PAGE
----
Grant Gustin's portrayal of Barry Allen on CW's "The Flash" will leave some heavy shoes to fill for Ezra Miller.

Grant Gustin’s portrayal of Barry Allen on CW’s “The Flash” will leave some heavy shoes to fill for Ezra Miller.

Barry Allen still has his darker moments like anyone, but the main tenors of the best Flash comics stories revolve around fun and adventure. Lord and Miller’s previous work on films like Cloudy With a Chance of Meatballs21 Jump Street, and The Lego Movie all show that the duo exceed very well in showing audiences fun.

Some of the primary complaints about Man of Steel was that it was just too dour. Noted DC Comics writer Mark Waid — who has written some of the most critically acclaimed stories for both Superman and the Flash — may be the biggest Superman fan on the planet, but was immensely disappointed by the film. He starts his very honest and informed review by saying, “At its emotional climax, at the moment of Superman’s ultimate ‘victory,’ Man of Steel broke my heart. I mean, absolutely snapped it clean in half.”

Much like Waid, many fans seemed to feel that David Goyer’s script simply missed the mark in an effective, modern portrayal of the DC Comics icon. Because of “The Flash’s” success on television, though, the studio can’t afford a similar misstep, simply because there’s more at stake here.

“The Flash” is only just ending its first season, and if it continues its successful run, it will be winding down its fourth when the film is ultimately released. There’s a lot of time there for the show to stumble, but hey: call me an optimist. The Flash is a character with such a rich, vibrant storytelling history in comics, television, and animation, that I have a hard time seeing the writers and creators running out of material any time soon. For the sake of the show’s integrity, though, Warner Bros. must ensure that the main tenets of the character, as have been established over the last few decades by gifted comics creators like Mark Waid, Geoff Johns, Francis Manapul, and Brian Buccellato, stays intact for the upcoming film.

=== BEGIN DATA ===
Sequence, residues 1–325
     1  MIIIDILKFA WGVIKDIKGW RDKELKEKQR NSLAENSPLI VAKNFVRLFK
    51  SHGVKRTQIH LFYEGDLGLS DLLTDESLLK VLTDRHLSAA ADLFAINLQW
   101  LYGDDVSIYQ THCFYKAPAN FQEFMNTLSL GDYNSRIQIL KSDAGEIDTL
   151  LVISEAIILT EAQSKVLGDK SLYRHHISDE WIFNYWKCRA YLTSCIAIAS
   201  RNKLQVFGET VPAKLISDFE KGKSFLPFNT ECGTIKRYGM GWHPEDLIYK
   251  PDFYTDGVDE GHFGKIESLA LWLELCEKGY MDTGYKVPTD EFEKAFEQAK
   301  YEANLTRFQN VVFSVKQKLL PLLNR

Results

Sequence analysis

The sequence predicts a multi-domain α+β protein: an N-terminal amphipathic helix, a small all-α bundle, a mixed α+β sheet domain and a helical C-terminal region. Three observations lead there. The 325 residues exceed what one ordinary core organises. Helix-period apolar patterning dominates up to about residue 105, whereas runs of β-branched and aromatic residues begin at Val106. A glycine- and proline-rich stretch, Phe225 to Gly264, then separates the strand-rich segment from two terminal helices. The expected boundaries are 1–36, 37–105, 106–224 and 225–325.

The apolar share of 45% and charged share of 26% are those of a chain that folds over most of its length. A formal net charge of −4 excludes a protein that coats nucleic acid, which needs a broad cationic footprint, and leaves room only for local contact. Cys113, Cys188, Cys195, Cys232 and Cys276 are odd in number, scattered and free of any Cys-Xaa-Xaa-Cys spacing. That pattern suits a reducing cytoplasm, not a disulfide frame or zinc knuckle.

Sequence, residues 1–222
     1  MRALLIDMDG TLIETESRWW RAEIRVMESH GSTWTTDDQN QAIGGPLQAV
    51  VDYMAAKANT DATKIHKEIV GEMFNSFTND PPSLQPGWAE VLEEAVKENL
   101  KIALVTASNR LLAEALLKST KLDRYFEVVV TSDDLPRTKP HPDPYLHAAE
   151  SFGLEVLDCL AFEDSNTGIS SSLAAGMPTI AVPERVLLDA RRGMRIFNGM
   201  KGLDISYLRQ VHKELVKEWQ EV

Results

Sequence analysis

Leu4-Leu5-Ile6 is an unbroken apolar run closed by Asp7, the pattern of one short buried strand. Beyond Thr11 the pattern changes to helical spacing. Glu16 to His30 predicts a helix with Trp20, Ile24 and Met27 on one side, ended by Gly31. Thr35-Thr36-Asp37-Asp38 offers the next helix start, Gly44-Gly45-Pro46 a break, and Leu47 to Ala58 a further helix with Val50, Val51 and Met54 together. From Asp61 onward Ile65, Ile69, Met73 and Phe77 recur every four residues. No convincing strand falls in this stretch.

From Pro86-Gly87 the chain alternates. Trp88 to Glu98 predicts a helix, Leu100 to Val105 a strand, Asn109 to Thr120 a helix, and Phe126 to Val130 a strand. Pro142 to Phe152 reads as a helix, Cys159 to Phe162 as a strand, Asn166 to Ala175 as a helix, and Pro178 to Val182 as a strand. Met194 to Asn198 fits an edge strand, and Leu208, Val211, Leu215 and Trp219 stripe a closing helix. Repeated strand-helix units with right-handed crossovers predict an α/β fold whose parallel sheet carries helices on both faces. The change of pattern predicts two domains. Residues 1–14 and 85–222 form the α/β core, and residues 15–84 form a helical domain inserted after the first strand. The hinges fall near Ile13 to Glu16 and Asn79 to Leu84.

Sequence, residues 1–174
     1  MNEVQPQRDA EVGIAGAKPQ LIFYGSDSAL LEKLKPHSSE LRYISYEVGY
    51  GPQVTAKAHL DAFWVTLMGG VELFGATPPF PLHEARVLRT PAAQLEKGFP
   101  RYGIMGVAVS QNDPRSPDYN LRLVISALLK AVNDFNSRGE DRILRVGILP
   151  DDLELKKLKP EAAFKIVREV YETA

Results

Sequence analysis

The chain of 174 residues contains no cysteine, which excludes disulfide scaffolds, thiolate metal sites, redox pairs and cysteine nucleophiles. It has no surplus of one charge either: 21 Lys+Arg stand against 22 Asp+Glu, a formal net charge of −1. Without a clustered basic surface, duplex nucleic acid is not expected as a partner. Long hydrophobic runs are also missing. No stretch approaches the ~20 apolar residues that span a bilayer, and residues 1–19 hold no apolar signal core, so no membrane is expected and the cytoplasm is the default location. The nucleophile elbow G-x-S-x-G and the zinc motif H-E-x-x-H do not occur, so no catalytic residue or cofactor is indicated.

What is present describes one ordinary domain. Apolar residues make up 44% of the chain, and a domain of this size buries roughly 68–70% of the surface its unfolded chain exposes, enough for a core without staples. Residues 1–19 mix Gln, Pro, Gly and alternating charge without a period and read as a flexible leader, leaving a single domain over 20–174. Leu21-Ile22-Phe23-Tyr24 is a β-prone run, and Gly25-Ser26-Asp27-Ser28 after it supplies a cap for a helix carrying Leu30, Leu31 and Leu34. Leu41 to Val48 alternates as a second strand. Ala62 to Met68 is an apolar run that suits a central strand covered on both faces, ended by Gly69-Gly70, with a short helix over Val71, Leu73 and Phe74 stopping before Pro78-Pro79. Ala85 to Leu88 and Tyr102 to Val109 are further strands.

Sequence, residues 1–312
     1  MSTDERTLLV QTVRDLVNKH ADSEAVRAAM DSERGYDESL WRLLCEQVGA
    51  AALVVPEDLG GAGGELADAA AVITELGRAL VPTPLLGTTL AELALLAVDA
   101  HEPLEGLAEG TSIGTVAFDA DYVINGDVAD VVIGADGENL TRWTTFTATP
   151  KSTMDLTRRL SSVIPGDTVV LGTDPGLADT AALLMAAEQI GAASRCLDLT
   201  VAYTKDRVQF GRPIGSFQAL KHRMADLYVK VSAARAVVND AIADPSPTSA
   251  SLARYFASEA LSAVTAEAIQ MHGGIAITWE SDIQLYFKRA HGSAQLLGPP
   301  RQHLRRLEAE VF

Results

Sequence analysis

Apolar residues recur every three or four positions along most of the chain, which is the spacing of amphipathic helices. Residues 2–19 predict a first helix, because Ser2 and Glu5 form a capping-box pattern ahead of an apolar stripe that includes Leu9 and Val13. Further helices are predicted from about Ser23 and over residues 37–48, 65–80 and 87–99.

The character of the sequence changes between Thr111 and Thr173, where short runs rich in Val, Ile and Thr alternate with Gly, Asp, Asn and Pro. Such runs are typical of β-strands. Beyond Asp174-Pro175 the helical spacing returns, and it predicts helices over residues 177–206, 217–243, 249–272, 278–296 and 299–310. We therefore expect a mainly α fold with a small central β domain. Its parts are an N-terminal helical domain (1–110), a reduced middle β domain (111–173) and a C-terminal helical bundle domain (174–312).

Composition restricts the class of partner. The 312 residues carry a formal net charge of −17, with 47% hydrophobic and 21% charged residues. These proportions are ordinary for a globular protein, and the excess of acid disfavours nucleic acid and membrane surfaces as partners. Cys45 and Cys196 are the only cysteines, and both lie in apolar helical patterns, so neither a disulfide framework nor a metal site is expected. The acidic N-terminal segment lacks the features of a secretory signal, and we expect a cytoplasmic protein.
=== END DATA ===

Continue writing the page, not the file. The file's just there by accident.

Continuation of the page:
Here’s hoping — and believing — that Phil Lord and Chris Miller are the ones that are up to the task.

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Chris Clow
As a former comics retailer at a store in the Pacific Northwest, Chris Clow is an enormous sci-fi, comics, and film geek. He is a freelance contributor, reviewer, podcaster, and overall geek to GeekNation, Batman-On-Film.com, The Huffington Post, and Movies.com. He also hosts the monthly Comics on Consoles broadcast and podcast. Check out his blog, and follow him on Twitter @ChrisClow.
  • YAmendola

    no superhero movie is really ever going to top spider man

  • Thomas

    2018?? that’s so far away!

  • Doddyboy

    tbh I don’t really like the show

  • Clara

    oooo this better be a good one! superhero movies are getting wild